This is a continuation of my previous post, which began exploring the difference between Big Data and lots of data.
Another way to approach the Big Data technology decision is to start with looking at your data and categorising it into what is and what is not Big Data.
It is not Big Data, in my opinion, if you are looking at customer account history, digital subscription access log summary data (device, OS version, user information), or payment history.
Nor is it predictive analytics; predictive analytics is a process applied to data (big or not), not the data in and of itself.
Likewise, if you are sitting on less than a dozen terabytes of data and it is growing at less than 20% a year and you are just running reports to understand what happened with your product, you don’t have Big Data (nor do you have a Big Data technology need).
You have lots of data, but not the kind of data or application need from the analytical discoveries that make the Big Data technologies jump practical.
It may look big, but volume alone isn’t enough. It would be hard to justify adding an entirely new layer of technology to analyse a small, slow-growing data set to generate reports or insights. Traditional analytical databases, reporting, and statistical tools are well suited for this type of work. Big Data drives action – usually an immediate action.
So, what is Big Data? It is the information you (can) collect from Internet searches, pageview/customer journey on your Web sites/mobile apps, and the like.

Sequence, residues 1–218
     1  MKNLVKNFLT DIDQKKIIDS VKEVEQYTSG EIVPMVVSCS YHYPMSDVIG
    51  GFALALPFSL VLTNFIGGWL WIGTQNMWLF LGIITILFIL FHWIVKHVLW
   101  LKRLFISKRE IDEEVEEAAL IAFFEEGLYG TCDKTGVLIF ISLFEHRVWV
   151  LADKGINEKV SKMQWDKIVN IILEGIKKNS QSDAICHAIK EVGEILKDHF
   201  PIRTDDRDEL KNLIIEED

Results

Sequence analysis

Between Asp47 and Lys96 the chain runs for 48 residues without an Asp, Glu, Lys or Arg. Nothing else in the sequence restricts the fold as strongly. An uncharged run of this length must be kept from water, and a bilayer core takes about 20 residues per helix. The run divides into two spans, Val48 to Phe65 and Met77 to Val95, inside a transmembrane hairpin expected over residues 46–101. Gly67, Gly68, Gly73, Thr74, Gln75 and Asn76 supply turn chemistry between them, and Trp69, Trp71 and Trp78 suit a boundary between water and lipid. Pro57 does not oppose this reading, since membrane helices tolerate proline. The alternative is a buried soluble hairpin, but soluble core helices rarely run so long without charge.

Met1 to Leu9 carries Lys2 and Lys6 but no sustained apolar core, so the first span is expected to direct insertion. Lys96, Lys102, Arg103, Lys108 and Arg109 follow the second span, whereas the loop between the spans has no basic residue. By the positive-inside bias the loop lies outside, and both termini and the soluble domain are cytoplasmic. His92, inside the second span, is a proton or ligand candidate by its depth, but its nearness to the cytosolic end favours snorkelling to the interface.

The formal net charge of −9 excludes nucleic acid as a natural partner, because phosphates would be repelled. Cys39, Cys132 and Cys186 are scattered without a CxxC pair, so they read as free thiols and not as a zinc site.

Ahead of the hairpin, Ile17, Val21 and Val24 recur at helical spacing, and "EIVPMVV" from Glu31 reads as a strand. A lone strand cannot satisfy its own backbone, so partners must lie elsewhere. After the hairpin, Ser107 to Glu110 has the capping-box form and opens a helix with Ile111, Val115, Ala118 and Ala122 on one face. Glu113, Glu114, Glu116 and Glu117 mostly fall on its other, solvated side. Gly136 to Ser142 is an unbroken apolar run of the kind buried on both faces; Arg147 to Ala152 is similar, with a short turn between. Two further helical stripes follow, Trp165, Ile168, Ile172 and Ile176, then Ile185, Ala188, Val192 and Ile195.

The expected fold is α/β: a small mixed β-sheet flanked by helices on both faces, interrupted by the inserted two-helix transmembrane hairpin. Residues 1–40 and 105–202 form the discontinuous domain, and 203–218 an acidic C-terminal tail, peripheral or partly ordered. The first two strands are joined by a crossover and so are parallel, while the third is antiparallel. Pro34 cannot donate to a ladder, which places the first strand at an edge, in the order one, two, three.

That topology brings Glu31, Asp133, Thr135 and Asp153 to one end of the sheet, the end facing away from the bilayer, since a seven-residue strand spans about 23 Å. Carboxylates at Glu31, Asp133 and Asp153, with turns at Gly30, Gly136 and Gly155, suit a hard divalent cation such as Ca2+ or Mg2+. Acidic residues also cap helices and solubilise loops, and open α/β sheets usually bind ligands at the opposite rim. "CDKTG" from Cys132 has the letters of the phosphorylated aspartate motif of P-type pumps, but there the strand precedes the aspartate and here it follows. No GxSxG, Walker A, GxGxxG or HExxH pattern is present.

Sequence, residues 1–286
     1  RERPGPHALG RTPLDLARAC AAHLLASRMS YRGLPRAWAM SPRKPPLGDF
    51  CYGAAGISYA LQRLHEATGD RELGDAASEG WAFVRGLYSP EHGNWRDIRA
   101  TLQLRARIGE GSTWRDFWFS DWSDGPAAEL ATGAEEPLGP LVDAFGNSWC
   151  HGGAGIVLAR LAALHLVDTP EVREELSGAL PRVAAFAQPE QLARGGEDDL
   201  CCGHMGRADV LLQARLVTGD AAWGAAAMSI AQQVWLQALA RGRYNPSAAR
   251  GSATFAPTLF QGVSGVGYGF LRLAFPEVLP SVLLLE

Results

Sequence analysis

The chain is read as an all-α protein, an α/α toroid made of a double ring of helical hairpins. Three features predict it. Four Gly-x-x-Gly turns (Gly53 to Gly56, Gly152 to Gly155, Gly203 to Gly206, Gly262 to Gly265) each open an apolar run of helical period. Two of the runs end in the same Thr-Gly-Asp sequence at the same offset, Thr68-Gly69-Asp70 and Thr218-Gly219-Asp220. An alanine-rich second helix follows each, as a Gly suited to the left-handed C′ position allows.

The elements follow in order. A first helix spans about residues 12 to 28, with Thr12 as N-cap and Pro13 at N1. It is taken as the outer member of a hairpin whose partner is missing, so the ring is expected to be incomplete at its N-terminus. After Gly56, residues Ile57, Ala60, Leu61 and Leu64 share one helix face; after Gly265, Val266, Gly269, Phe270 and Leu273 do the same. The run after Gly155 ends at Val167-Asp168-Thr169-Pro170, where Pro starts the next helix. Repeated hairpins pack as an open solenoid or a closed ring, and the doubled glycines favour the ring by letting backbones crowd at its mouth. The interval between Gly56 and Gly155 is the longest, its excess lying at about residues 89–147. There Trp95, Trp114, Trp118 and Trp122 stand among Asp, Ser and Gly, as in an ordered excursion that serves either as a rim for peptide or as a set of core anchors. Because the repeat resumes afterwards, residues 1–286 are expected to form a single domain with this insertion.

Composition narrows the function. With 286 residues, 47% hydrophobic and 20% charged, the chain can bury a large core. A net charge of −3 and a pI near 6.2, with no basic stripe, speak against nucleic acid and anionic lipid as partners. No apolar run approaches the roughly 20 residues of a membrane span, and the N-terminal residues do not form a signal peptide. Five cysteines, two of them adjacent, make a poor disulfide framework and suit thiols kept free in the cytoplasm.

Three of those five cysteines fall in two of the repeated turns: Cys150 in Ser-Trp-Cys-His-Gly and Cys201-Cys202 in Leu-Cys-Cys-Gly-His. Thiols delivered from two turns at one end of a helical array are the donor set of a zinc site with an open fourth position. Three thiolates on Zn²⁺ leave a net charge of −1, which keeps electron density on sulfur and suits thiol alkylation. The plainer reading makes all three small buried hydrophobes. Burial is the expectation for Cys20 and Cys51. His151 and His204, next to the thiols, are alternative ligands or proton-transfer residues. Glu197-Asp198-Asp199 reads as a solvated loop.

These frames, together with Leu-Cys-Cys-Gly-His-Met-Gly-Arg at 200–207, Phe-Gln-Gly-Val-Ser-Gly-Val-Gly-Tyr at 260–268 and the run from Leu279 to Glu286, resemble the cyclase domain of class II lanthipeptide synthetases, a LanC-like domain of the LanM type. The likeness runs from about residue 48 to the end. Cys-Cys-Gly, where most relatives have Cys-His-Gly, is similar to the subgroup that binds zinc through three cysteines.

It is information collected from sensors, software/server log files, search results, site journey log files, the Twitter firehose, and information from RFID readers or GPS/geo-fencing data (ignoring, again, the data collected for IT security and site health reasons, as that is not a marketing decision but a different reason to move toward Big Data technology).
It is important to keep these rules and categories of the data in mind when approached by vendors that specialise in selling you the stuff!
After a while, the sales pitch sounds good if you fall into their sales spin cycle. Then you end up spending a lot of money for a new technical infrastructure stack, make some expensive hires, and find that you already had or could have done the same with the tools (databases, analytical tools, and statistical tools) you already have.
Worse yet, you don’t have a Web site that can ingest a data-driven decision.
All that said, I repeat, the media industry does have a call for Big Data. It is an absolute necessity for the biggest of players (again, leaving out the across-the-board security reasons for doing Big Data).
I feel quite strongly that the decision of when to “go big” must be well thought through for all sizes of operations and never lose track of the end deliverable(s) throughout the decision process.
Why? Big Data is the hot thing for both right and wrong reasons. (It is critical to remember that all Big Data solutions are supplemental technology to your existing technology and shouldn’t be seen as a replacement for existing databases and tools.)
In the end, Big Data is a set of database technology, specialty tools, and infrastructure to drive decisions in real time. They can also be used to bring together a “stuck” warehouse project – but do so by shifting who does the work to unstick the project.
Moving to a Big Data tool set requires a new IT infrastructure, skills, and analytical packages. If you will, it is another tool in the tool kit, one that will require all new technology, skills, and highly complex sets of connections between your current applications (Web site and apps) to deploy.
As the industry of content producers, packagers, and distributors, it is easy to recognise the need for content delivery to become personalised. Doing so is complex. The majority of the industry uses third-party software to do ad placement, but for content recommendation, the path thus far seems to be one of invent-it-on-our-own.